By Betsy Simon
Feb 3, 2020
Cory Campbell is most at home at the intersection of accounting and technology and it’s a good place to be as emerging technologies are changing the face of accounting.
“One could argue that the biggest challenge for the accounting profession of tomorrow is dealing with companies and technologies that do not yet exist today”, said Campbell, an assistant professor of accounting at Indiana State University.
“Think about companies like Uber and Facebook and Airbnb and how they’ve changed our expectations as consumers. Advances in technology and the promise of big data is transforming the way we do business, which puts a lot of pressure on businesses to try and figure out how to operate. As accountants, we need to be able to adapt and embrace the technological change.”
Campbell assures that his students are aware of and prepare for the changing environment, though.
“From an accountancy perspective, I tell my students it’s not just debits and credits. It is debits, credits and data. Since accounting is often dubbed the ‘language of business’ and accountants are the stewards of that information, then we must understand sources of data that we rely on for fiscal reporting and decision making” he said. “The challenge is to determine what data is relevant now that we have massive amounts of data at our disposal.”
Campbell has been a full-time professor since the fall of 2018. Prior to joining the accounting faculty at ISU, he served as an adjunct at ISU for several years and has been a visiting instructor at IUPUI. Campbell presents regularly to the Indiana CPA Society and the American Institute of Certified Public Accountants (AICPA) on various emerging technologies like blockchain, big data, robotics process automation, and cybersecurity.
“I try to bring some element of emerging technology into classroom discussions, which has been both fun and eye-opening for students. Students get to experience and to understand how the breath and scope of accountancy continues to grow in this data-driven world,” he said. “We tend to be a retrospective profession as the financial statements rely on information from the past, but I think it’s really exciting to think about the possibilities with emerging technology and how it can impact accounting.”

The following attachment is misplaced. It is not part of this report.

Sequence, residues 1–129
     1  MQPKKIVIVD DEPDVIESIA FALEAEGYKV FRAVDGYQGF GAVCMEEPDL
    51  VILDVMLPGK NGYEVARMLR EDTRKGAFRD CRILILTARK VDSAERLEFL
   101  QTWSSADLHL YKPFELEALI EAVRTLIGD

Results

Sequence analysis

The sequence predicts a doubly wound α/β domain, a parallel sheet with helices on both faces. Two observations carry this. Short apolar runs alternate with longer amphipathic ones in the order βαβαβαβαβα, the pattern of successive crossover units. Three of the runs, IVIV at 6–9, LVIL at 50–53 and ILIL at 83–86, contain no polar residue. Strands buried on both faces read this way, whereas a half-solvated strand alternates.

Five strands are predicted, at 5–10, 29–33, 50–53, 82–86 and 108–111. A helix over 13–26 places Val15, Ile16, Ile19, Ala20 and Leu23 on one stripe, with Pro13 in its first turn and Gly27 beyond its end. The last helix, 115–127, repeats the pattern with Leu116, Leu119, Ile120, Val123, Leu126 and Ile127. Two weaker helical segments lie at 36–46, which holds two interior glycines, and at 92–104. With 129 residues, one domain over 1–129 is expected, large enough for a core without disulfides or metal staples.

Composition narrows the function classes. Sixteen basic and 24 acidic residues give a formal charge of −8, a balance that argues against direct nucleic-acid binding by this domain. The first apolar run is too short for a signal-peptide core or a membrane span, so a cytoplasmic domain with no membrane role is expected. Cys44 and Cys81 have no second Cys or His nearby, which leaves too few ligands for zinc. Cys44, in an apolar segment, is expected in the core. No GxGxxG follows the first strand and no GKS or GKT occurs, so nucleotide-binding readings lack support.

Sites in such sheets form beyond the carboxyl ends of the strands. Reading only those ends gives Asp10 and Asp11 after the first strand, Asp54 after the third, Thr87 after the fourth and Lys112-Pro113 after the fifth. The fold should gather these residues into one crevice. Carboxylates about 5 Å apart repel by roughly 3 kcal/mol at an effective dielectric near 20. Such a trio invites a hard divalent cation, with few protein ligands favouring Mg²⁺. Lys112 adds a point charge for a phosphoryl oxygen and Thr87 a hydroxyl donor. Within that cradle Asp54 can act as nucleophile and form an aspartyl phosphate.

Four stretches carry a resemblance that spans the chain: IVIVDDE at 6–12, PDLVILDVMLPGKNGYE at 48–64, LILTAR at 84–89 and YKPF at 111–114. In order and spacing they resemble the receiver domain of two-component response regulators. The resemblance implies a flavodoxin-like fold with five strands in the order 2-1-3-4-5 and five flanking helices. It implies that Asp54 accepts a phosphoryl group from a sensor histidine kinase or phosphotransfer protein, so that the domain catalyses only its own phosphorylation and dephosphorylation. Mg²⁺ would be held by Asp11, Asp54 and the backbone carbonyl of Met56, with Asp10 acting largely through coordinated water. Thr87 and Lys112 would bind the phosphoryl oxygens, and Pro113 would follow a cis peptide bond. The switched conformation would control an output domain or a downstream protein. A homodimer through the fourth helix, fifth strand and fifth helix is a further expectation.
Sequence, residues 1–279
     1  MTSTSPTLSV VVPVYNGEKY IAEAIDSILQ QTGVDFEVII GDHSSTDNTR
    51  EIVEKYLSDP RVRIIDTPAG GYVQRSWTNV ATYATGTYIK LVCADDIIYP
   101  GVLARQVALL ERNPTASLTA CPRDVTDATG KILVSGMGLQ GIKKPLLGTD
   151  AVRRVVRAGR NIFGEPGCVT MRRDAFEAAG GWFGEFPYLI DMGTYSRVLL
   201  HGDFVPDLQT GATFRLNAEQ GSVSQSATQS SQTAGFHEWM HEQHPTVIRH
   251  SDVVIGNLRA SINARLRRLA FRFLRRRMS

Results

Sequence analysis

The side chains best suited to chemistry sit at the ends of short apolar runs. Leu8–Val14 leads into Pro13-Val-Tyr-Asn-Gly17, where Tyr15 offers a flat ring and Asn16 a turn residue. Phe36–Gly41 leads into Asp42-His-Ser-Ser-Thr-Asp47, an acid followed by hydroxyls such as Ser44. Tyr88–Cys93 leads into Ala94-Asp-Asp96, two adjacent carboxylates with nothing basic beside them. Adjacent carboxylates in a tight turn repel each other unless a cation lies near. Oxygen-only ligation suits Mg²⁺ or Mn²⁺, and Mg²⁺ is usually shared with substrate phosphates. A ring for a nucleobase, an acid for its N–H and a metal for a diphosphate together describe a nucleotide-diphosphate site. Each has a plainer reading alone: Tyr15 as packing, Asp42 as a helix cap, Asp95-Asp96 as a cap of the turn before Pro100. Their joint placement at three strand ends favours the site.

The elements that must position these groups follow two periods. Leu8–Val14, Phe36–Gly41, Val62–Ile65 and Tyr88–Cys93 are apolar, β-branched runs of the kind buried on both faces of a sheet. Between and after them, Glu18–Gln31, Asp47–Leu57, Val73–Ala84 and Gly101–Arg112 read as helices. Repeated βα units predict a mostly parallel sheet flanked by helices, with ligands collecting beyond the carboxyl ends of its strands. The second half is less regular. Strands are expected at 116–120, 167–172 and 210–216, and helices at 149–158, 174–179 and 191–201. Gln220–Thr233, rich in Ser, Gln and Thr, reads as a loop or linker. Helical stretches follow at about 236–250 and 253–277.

“Big data and technological advances mean that we’re now able to spend more time identifying and looking for anomalies, so we can go out and ask questions to understand what’s really happening,” Campbell said. “On one hand, technology will certainly change the profession going forward, but in some aspects it will create more opportunities.”
Campbell’s efforts – and publications on emerging technologies in the field – are aimed at preparing people to fill the vacancies created by a well-documented accountant shortage.
“What firms are looking for is clearly changing. The big data explosion has redefined the skills of the future to include technology skills, communication skills, and critical thinking skills. Key skills of the future for accounting have been identified by the profession to include machine learning, robotics process automation, advanced Excel modeling, and data visualization,” he said. “That’s why I have students learning to visualize accounting information. For example, students have a project where they have to make a balanced scorecard, which includes turning both financial and non-financial information into an interactive dashboard. As part of the project, students create a public link to their work, which means they’re getting a hyperlink to add to their resumes and digital profiles that they can use to showcase the things they’re doing with data visualization.”
Campbell, who teaches an introductory to financial accounting course, as well as some upper level accounting courses, took a non-traditional path into accounting.
“I did not work for a CPA firm or do any public accounting, but rather my experiences are as an entrepreneur and as a finance administrator in higher education,” he said. “One of the things I tell my students is that accounting is an awesome profession because you can anything in any business sector, whether it’s manufacturing, non-profit, the service industry, or public accounting. There are so many possibilities and the breadth and scope of what we do as accountants continues to widen as technology reshapes the profession.